In our opinion, it is not sufficient that as on 15.2.1970, the second appellant had a right to maintenance under the customary Hindu law against this property in satisfaction of which this extent of land was allotted to her on 24.9.1970. A right to claim maintenance against certain property of the joint family cannot be equated with ‘holding’ the land as on 15.2.1970.

A point almost similar to the one before us arose under the Maharashtra Agricultural (Ceiling on Holdings) Act. 1961 (as amended in 1975) in Rambhau vs. State of Maharashtra [1995 Supp. (3) SCC 74]. In that case, the tenure holder had two unmarried daughters on the relevant date and he contended that, while calculating the ceiling area of the family, the land ceiling authorities should have taken into account the liability of the family for the maintenance and marriage expenses of these daughters and their share in the land should have been notionally worked out and so much of the area as would have been found sufficient for their maintenance should have been excluded while determining the ceiling area of the tenure holder. This Court rejected the said contention and in that connection reference was made to section 3(3) of the said Act which referred to the initial requirement of a person who is a member of a family to ‘hold’ a share in the family property which share could, for purpose of computation be notionally worked out, by applying the personal law. It was held that the minor unmarried daughters in a Hindu joint family had basically no right to a share and therefore the question of notionally working out a share, as on the relevant date, did not arise. Sahai, J. observed (p. 76) as follows:

“An unmarried daughter may be

entitled for maintenance and

marriage expenses, but she was not

entitled to a share on partition

either under the customary Hindu

law or even under the Hindu

Succession Act, 1956 or Hindu

Adoptions and Maintenance Act,

1956. Therefore, a daughter being

not entitled to a share on

partition, the notionally working

out of her share under Section

3(3)(i) stands legislatively

excluded.”

We are in respectful agreement with the above view and the above principle is equally applicable to the case before us. Like section 3(3) (i) of the maharashtra Act, the provision in Section 5(3) of the Madras act, 1961 also provides for notional computation of the share of persons who basically hold a share in joint family property under Hindu law. But such a provision dealing with mode of computation is attracted only to persons who, at the date of commencement of the madras Act (15.2.1970), ‘hold’ an undivided share in the property of the Hindu joint family. It must, therefore, be held that section 5(3) read with the Explanation permits notional computation only in respect of those who ‘hold’ an undivided interest in the joint family property at the date of commencement of the Act. As in the case of unmarried daughters, in the Maharashtra Case, the second appellant before us had no basic right to a share in the joint family property inhering in her on 15.2.1970 and she cannot therefore be said to be ‘holding’ ‘stridhana land’ as on the date of commencement of the Act, i.e. 15.2.1970, within section 3(42) of the Act. Therefore the fact that she had, as on 15.2.1970, a right to maintenance against this property which later crystalised into the allotment of this property in her favour on 24.9.1970 is not sufficient. Neither under the customary Hindu law, nor under the Hindu Marriage Act, 1955 nor under the Hindu Succession Act, 1956 nor under the Hindu Adoptions and Maintenance Act, 1956 is there any provision which gives a share to a wife in the joint family property held her husband nor to a mother in the joint family property allotted to her son in a partition.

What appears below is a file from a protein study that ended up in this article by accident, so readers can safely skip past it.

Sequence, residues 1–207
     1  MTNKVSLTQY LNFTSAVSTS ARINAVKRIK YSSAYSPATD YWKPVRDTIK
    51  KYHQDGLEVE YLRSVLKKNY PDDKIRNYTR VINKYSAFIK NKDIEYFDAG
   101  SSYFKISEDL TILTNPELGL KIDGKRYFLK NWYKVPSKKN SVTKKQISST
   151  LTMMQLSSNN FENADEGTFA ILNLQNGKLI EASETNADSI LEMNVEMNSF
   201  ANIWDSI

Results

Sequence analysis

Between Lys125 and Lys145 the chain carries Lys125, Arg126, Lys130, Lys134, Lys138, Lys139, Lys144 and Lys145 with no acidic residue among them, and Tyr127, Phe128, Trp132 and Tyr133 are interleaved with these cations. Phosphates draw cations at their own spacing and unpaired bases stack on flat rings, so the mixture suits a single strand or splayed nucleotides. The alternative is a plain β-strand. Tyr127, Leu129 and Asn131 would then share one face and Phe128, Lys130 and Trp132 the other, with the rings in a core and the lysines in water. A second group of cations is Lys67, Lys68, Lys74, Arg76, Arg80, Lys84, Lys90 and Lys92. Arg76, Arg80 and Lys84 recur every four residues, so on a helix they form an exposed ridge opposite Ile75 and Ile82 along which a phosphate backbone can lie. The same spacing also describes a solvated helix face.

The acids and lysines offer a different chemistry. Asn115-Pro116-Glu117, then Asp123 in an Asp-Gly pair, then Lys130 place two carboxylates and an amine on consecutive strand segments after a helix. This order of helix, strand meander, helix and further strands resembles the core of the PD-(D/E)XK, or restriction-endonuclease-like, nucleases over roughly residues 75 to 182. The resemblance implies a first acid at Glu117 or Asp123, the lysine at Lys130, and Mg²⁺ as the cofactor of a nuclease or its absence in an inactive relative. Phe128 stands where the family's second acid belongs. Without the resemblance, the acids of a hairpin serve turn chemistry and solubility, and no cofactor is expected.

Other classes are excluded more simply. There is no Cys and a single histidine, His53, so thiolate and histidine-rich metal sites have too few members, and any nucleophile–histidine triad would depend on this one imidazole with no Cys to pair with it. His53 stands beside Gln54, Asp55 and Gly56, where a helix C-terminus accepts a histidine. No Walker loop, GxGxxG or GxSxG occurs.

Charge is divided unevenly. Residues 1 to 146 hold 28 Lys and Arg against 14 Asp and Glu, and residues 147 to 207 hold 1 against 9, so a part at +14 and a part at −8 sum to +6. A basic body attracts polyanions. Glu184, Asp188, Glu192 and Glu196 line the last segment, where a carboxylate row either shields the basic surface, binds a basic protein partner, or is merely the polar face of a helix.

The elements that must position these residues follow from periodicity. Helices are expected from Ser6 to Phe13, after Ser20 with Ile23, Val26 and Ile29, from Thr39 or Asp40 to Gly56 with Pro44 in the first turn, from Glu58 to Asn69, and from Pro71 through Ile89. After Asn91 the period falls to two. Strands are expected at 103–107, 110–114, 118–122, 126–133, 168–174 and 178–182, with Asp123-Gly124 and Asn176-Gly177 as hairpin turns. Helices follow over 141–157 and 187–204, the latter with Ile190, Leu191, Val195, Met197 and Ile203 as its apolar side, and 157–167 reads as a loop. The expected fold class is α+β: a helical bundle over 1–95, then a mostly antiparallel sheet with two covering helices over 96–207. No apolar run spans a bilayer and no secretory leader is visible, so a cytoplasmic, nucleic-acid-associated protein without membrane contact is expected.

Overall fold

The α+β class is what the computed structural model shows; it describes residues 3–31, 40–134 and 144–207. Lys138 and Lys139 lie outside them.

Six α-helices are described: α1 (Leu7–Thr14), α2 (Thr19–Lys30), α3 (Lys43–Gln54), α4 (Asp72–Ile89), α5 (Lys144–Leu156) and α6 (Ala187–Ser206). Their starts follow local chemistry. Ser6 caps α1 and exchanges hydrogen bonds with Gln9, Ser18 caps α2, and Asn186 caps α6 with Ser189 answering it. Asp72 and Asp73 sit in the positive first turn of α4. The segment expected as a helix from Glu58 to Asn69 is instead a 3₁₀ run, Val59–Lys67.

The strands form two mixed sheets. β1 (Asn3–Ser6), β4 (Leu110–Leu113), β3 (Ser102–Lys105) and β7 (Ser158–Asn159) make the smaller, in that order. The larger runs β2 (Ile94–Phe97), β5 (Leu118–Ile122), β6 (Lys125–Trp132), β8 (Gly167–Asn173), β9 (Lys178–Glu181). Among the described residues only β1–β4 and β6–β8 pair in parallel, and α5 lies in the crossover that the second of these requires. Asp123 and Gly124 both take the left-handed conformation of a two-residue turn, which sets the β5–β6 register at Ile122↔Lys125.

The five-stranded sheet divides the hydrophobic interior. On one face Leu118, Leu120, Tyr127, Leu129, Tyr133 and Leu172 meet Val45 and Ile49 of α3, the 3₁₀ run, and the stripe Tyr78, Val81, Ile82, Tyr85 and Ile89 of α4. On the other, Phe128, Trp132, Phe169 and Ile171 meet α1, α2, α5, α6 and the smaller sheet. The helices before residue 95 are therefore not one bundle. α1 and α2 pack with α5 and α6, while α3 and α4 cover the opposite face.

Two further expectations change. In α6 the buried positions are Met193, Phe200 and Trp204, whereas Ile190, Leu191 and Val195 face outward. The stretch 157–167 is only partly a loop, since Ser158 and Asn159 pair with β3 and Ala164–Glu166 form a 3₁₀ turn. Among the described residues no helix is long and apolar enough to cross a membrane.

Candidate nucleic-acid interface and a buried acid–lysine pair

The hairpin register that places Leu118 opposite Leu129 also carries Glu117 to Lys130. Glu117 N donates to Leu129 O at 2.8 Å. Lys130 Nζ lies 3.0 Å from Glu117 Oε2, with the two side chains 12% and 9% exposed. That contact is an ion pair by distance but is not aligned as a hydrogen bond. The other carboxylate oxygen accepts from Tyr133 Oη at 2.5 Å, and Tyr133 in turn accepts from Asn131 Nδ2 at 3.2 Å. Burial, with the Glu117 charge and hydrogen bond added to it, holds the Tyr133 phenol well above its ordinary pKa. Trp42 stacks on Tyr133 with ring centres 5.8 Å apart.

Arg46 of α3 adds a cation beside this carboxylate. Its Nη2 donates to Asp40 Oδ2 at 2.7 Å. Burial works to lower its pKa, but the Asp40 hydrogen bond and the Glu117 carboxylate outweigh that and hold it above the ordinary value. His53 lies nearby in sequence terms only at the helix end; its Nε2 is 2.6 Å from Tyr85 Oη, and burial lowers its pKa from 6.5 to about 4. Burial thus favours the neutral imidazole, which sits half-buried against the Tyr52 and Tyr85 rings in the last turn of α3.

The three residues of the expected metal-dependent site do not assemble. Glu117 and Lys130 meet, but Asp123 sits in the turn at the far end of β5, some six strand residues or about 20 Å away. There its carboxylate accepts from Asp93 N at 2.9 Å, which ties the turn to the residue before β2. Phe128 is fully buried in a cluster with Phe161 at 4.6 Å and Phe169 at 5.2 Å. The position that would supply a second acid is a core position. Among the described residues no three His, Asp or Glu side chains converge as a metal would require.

Learned senior counsel for the appellants placed strong reliance on certain observations in the judgment of S. Murtaza Fazal Ali.J. in V. Tulasamma & Others vs. Sesha Reddy (Dead) By Lrs. [1977 (3) SCC 99]. In that case the Court was concerned with section 14(1) and (2) of the Hindu Succession Act, 1956. If the land came to be ‘possessed’ by the female at the commencement of the Hindu Succession Act, 1956 in lieu of a pre-existing right of maintenance. the land would become her absolute property under section 1491) of the Act. For the purpose of holdi
ng that a female in a joint Hindu Family had a pre-existing right to maintenance under Hindu law and that the case fell within section 14(1) and not under section 14(2), Fazal Ali. J. in a separate judgment described a Hindu wife as one half of the body of her husband and as one who could be treated as a ‘co-owner’ of the property in a subordinate sense. The context in which those observations were made was different. Further, we do not, however. find any such observations in the majority judgment of Bhagwati, J. (as he then was ) with whom A.C. Gupta, J. agreed. We are of the view, as already stated that a wife or a mother in a Hindu joint family does not basically have a share in the joint family property and she has on a right to maintenance and the mere existence of such a right against the joint family property as on 15.2.1970 could not, in law, be treated as being equivalent to ‘holding’ a share in the joint family property, as on that date. The fact that land was reduced to the possession of the second appellant on 24.9.1970, could not be equated with her possession on 15.2.1970.

For the aforesaid reasons, this appeal fails and is dismissed but in the circumstances, without costs.